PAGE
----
The hosts take a call from a listener, asking about American troops stationed around the world today, and how earlier generations of Americans might have viewed such deployments.
PETER: If you’re just joining us, this is BackStory. And we’ve reached the point in our show where we turn to listeners who have posted a website comment or question about today’s topic, humanitarian interventions. Julie’s on the line, calling from New York City. Julie, what have you got for us? Intervene.
JULIE: Well, so I was actually an army brat. In the ’80s, my dad was in the military, and we lived in what was then just West Germany. And as I’ve listened to your show, and I’ve thought about that whole experience, I kind of wondered when did we start having people sort of permanently stationed overseas on these sort of long, open-end missions where we’re not at war, but we’re not not prepared. And I just kind of wondered what the perspective would be.
PETER: Yeah. Julie’s asking about the presence of Americans overseas– Americans connected with the military. It’s not exactly humanitarian intervention, but it does represent a presence overseas. What do you say, guys?
ED: I wonder, would the Philippines be the first version of this, do you think, Brian?
BRIAN: Yeah. I’m sitting here thinking Philippines. We’re talking about the very beginning of the 20th century now, in the wake of the Spanish-American War, where troops– American troops and American administrators– remained on the ground for quite some time. And we fought a very bloody, brutal, some would say, against Philippines insurgents.
But we were doing so because we were committed to so-called humanitarian objectives. Those objectives, however, seemed to look like teaching Philippines to behave more like Americans. We went so far as to try to reform their entire legal code. But you know what, Ed? I think a more interesting answer is the South, right after the Civil War. It’s a long intervention by those Union troops.
ED: Yeah, on a scale of geography, larger the any that we’ve done until the 20th century, the American South is the size of continental Europe. And they tried to occupy it without the benefits of radio or other kinds of communication in a kind of a harrowing experiment, actually. And what we’re talking about is the Freedmen’s Bureau, which grows up immediately in the ending of the Civil War, even as the war is ending.
And the idea is that not only are there refugees who are starving, but there are also these Freedmen who need some kind of assistance in moving from slavery to freedom with nothing but the shirts on their back. It is a militarily sponsored intervention that deals with everything from crime and punishment. They have special courts to land distribution, to fostering religion– they actually helped establish churches– to fostering schools, and many other aspects of what we would think of today as humanitarian aid was doing. So in many ways, this is the most ambitious enterprise of that sort do we take on for nearly– what do you say, Brian, 80 years?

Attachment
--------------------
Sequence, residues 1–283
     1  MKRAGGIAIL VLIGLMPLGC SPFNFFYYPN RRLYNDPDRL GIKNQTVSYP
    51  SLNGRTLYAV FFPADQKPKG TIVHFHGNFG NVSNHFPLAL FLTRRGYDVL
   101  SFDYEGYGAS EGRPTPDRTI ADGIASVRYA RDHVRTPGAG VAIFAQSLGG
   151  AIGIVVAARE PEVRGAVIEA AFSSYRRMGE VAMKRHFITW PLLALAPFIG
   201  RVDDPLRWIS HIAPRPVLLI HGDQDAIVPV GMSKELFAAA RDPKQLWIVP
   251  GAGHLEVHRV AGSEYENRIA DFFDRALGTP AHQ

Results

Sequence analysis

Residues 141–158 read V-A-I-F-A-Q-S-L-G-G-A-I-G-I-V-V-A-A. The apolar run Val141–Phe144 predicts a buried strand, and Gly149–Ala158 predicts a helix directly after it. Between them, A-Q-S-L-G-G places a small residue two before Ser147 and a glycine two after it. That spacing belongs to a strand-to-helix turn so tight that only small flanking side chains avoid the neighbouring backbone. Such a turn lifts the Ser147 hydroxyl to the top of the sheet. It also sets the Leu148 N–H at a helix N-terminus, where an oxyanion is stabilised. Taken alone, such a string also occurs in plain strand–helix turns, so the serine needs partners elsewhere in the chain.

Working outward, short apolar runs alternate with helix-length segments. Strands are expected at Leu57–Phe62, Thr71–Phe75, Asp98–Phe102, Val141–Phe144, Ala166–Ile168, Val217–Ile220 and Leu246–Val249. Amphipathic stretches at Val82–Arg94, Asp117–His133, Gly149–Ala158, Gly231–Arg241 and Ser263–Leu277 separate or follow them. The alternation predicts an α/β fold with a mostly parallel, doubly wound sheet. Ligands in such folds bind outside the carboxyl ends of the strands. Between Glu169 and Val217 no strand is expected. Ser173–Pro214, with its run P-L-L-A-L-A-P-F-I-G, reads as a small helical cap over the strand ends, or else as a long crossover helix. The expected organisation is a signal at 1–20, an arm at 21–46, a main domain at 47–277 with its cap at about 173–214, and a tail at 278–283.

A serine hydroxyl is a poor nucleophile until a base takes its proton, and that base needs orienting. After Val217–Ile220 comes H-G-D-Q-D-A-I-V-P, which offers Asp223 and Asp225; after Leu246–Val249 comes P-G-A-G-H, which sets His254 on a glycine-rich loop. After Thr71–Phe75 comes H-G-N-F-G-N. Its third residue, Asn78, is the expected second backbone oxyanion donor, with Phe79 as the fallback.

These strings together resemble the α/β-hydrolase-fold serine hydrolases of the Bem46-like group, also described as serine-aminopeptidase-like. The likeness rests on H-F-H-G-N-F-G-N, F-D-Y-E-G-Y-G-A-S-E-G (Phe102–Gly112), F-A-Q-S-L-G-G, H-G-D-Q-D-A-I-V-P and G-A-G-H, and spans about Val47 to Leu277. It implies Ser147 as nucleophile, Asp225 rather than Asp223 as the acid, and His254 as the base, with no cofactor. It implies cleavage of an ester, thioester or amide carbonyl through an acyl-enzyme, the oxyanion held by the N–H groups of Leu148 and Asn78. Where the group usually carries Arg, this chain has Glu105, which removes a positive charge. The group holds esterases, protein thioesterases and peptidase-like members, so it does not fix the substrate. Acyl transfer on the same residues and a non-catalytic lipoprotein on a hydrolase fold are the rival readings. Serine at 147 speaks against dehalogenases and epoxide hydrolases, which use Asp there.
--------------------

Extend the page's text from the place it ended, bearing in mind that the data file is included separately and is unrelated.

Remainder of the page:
ED: Until after World War II? What’s amazing is, a, they tried it; and b, that it failed, and we forgot about. In the 20th century, when we talk about occupying Iraq, reconstructing it, people never say, let’s look at the American South after the Civil War. Let’s say, let’s look at Japan or let’s look at Germany that we rebuilt after World War II. So the parallels are interesting, but the things are kind of perpendicular to history are also interesting.
PETER: Yeah, and I think the ambivalence about projecting military power does complicate the very definition of humanitarian interventions, because the presence of the American military in West Germany during Julie’s childhood, was that to protect the free world, and that is the civilians who enjoyed the security umbrella, the benefits of that? Or is it simply the projection of power and American interests of state?
ED: So Julia, do these episodes of the past resonate with your own experience?
JULIE: Oh, they do a bit. You talk about going from humanitarian aid to military aid. After World War II, we did have to stick around just to keep things in order. And then we just stuck around for 40, 50 years, by which point it had really evolved from humanitarian aid to, yeah, over here, to keep the Communists at bay.
I’m remembering know when we first moved there, I think we were trying to station some medium-range missiles. I don’t know if they were nuclear missiles or defense missiles, but there was a great deal of controversy on the German side. So on the one hand, it’s like, yes, we want you here protecting us with tanks and machine guns, but–
ED: But could you put the missiles somewhere else.
PETER: Thanks for calling.
JULIE: Thank you very much.
BRIAN: Thanks, Julie. That was great.
JULIE: Take care.
BRIAN: Bye-bye. We need to take a short break, but stick around. When we get back, a humanitarian airlift that lasted two years, and moved 60,000 tons of food– one that was run entirely by private organizations.
PETER: You’re listening to BackStory, and we’ll be back in a minute.